I figured out last week why I can never quite appreciate gardens that are imitations of Northwest woodlands - the huge stumps, boulders, moss, ferns. One such garden (beautifully done, so much work...) won the big prize at last year's Northwest Flower and Garden Show.
We hiked at Whistler last week, and hours spent in those vast forests made me realize it's the scale that is inimitable- it's only alongside a rushing river, or beneath a canopy of native conifers, as part of the multi-layered forest floor, that the nurse logs, sword ferns and woodpecker snags are so perfectly at home.
You can submerge yourself in the forests at Whistler, human scale is ridiculously small here, bringing home your own insignificance to the scene. The slanting autumn sun penetrating through the trees patterns the trails, footfalls are muffled by the duff of the forest floor, birdsong and the rustle of creatures create a primeval feel. Your senses are lulled by the hush, yet alert because of all the signs warning of black bears.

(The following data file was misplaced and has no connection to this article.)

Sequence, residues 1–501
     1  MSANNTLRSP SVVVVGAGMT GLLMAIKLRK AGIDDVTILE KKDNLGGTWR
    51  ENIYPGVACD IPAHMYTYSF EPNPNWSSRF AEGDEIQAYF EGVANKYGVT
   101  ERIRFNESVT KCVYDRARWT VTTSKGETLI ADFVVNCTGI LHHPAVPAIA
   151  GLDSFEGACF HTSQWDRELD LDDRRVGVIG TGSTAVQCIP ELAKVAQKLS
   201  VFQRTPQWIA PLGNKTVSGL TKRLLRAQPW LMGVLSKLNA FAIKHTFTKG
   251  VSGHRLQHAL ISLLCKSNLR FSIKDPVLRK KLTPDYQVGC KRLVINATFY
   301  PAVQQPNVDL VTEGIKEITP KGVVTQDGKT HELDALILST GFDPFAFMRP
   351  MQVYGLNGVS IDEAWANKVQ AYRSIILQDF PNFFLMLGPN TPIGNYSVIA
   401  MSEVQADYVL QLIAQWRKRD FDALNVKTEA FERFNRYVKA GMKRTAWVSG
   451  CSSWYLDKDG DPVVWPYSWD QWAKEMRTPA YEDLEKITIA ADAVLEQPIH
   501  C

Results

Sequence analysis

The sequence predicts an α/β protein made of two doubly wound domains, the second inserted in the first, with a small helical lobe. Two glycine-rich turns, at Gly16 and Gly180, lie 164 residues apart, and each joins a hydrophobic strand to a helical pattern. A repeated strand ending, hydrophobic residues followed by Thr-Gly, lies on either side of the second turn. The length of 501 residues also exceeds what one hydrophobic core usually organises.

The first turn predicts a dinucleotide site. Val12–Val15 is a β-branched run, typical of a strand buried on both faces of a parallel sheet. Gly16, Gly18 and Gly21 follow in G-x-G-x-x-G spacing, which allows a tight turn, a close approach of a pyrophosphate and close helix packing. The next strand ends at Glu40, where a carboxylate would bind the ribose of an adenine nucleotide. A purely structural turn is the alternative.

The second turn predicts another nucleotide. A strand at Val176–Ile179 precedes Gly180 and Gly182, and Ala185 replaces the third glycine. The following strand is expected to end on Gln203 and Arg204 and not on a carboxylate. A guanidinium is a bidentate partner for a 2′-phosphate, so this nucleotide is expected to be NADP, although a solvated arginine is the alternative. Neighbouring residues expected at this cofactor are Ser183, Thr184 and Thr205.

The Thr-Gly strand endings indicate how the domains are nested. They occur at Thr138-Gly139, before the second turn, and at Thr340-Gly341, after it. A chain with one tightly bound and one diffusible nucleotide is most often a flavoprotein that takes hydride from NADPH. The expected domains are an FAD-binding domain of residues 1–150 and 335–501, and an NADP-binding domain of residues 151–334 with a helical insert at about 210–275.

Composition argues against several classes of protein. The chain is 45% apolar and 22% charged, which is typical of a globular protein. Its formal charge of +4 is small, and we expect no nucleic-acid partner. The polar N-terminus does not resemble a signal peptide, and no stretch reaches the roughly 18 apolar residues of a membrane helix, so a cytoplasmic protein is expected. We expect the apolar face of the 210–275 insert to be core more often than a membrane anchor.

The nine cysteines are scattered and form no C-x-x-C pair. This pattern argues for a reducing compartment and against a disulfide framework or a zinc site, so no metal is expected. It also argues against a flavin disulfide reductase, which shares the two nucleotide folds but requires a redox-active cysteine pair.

It's not that we can't or shouldn't incorporate some forest details into our gardens- a mossy boulder or a bird-beak studded spar. But the overall scene is best left to nature to craft over eons, and for us to soak up and meditate upon as we're reminded of our human fraility compared with grandeur all around us.
Wildlands in the U.S. are threatened by the Republican platform in the upcoming election. If you doubt Romney's intentions toward our publicly held lands, our joint heritage and hope for the future, read Timothy Egan's Opinionator Blog "The Geography of Nope" in the New York Times. Truly scary stuff.
Last week was my first visit to Whistler - why did I wait so long? The gondolas and chair lifts cascade down Blackcomb and Whistler peaks right into Whistler Village, a striking new Aboriginal museum holds pride of place, and there are crazy young mountain bikers everywhere - it's quite a scene. The rings in Olympic Square stir the heart. And the hiking trails are numerous, well marked, well groomed and almost empty now between Whistler's main seasons of activity.
Autumnal color was kicking in last week - from the birches and vine maples to carpets of bunchberry (Cornus canadensis) shading red amidst the moss.
Dying down, new life, decay, renewal...the forest reveals its constant evolution....
Sunshine and a lagoon, aqua blue from glacier snow melt....